Although Fuller was also a prolific writer – she was an editor for The Dial (the influential publication that Emerson called his “antidote to narrowness); the acclaimed author of “Woman in the Nineteenth Century” (sometimes called the first serious work of American feminism); a columnist hired by Horace Greeley to work as the first literary editor at the New York Tribune; and one of American journalism’s first foreign correspondents – she is rarely read today. (Even in her time, some readers struggled to embrace her work. One unkind wag noted that the transcendentalists “read Dante in the original Italian, Hegel in the original German ... and perhaps the hardest task of all, Margaret Fuller in the original English.”)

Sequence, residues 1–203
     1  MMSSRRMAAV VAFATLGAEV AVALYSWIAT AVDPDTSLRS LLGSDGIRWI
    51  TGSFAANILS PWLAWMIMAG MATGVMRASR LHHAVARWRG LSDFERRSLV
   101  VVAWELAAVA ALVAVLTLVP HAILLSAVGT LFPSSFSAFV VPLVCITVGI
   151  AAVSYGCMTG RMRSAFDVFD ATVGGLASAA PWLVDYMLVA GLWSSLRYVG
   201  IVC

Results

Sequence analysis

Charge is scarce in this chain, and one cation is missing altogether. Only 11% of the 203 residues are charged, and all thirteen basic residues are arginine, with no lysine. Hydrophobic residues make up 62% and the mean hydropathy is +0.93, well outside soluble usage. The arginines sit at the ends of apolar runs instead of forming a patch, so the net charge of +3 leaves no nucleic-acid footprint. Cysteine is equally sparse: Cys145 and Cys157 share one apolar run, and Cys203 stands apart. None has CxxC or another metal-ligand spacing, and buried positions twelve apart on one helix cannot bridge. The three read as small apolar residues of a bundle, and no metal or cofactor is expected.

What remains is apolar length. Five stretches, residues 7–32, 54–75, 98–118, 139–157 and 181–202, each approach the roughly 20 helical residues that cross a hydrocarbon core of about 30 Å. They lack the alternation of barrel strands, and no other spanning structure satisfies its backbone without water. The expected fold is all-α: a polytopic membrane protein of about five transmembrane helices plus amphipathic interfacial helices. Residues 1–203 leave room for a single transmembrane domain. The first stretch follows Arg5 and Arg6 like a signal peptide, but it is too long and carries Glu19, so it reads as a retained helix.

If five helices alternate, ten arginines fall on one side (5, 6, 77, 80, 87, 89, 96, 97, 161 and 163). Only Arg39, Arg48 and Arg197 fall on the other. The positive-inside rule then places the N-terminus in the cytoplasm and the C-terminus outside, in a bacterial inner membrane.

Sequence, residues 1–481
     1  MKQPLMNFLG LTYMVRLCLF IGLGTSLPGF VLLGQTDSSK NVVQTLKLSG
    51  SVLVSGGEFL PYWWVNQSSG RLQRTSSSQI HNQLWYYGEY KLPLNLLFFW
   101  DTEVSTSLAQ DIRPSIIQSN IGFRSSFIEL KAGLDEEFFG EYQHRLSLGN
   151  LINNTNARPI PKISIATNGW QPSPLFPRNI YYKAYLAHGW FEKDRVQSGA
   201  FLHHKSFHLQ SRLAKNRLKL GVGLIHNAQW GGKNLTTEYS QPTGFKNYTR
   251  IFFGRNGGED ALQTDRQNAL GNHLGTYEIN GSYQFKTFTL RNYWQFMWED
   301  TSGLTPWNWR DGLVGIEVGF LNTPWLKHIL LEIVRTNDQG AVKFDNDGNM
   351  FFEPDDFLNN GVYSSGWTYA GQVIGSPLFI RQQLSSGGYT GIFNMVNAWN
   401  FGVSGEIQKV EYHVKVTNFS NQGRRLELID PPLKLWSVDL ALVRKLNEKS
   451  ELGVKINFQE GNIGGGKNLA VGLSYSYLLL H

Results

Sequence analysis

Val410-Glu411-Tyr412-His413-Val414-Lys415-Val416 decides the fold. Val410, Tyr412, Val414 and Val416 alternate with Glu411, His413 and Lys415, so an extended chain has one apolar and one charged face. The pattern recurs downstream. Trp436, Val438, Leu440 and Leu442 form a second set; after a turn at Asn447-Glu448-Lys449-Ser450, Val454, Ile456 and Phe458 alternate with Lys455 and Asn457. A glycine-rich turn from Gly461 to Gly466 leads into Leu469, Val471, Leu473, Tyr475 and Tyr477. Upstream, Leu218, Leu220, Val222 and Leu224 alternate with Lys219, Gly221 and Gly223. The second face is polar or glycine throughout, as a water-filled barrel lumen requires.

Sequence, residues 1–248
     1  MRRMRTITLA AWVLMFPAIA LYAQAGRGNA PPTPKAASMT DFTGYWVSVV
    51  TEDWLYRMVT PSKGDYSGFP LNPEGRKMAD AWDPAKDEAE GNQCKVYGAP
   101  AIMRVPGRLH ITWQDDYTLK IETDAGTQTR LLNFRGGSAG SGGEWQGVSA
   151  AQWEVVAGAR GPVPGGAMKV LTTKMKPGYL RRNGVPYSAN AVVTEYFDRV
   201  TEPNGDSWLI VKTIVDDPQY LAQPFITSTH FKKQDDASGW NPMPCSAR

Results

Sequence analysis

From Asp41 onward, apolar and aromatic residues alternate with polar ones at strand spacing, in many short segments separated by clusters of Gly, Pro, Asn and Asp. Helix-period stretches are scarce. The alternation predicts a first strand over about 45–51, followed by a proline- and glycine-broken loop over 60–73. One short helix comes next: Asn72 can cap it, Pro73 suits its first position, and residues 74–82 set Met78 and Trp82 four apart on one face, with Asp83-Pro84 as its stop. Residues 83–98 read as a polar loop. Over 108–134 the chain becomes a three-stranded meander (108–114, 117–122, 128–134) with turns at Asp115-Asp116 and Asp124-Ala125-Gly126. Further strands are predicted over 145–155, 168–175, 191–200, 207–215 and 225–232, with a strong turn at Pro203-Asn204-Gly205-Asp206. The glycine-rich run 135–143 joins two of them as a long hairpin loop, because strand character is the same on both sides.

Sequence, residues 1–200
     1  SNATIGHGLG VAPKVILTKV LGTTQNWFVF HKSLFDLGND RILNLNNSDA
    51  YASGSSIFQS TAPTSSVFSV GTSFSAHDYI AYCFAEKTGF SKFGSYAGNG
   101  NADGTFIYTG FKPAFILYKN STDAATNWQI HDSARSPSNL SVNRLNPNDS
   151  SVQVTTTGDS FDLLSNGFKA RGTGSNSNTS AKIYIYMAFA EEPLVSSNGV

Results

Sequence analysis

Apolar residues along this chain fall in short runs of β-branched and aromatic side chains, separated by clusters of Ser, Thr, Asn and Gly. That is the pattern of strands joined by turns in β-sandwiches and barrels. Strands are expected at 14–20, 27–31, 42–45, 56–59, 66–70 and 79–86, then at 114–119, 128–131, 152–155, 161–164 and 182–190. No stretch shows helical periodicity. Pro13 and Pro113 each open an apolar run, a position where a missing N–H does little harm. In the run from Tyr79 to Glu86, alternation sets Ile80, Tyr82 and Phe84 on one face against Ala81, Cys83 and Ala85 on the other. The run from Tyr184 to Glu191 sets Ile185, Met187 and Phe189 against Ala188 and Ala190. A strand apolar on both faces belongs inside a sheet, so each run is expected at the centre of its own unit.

But Fuller’s life, fortunately, is greater than the sum of her words. A born-and-bred New Englander, she was profoundly influenced by her rather bumptious father Timothy – later a US congressman – who homeschooled young Margaret so rigorously that Matteson calls her “in her time, the best read woman in America and the one most renowned for her intelligence.”
Matteson, who won the 2008 Pulitzer Prize in biography for “Eden’s Outcasts,” his examination of the lives of Louisa May Alcott and her father Amos Bronson, presents Fuller with insight and nuance. In her own words, Fuller was an “odd and unpleasant girl” whose brilliance won her more rejection than acceptance. As a young woman, she became an earnest if often graceless seeker of truth, and Matteson is respectful as he chronicles her breakthroughs and her struggles as she urgently pursues both philosophical truths and personal acceptance.